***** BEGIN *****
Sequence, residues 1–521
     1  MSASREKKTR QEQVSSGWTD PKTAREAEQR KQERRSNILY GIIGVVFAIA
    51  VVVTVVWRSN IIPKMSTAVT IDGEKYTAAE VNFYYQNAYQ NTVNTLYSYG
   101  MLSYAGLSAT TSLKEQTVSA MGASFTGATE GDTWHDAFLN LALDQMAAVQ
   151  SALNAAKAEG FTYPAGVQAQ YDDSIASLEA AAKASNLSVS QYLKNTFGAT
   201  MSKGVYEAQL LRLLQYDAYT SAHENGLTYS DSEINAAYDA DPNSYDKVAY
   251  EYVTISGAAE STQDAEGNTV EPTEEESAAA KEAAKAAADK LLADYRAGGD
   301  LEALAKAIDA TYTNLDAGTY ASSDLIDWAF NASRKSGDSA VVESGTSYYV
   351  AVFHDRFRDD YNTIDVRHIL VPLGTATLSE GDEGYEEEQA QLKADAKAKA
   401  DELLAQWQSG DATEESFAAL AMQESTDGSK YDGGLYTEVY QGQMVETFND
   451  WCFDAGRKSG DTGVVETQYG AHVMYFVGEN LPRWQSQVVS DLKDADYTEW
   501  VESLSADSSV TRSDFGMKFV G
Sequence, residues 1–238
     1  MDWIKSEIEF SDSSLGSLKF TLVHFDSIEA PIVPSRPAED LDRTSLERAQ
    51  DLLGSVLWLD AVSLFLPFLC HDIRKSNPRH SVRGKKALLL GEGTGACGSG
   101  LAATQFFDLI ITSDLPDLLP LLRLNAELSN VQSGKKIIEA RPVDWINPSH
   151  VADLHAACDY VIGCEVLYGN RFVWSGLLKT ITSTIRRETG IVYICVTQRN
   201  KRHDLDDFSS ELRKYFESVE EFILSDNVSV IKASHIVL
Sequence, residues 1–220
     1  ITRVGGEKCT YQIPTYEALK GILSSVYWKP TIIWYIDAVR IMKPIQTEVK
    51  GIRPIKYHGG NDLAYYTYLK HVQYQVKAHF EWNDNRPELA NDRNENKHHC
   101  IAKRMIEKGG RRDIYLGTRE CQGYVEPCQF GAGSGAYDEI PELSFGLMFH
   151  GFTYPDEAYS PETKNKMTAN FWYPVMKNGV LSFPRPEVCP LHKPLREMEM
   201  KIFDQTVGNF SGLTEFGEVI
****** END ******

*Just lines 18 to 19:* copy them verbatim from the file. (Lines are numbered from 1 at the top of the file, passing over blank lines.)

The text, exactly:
   201  KRHDLDDFSS ELRKYFESVE EFILSDNVSV IKASHIVL
Sequence, residues 1–220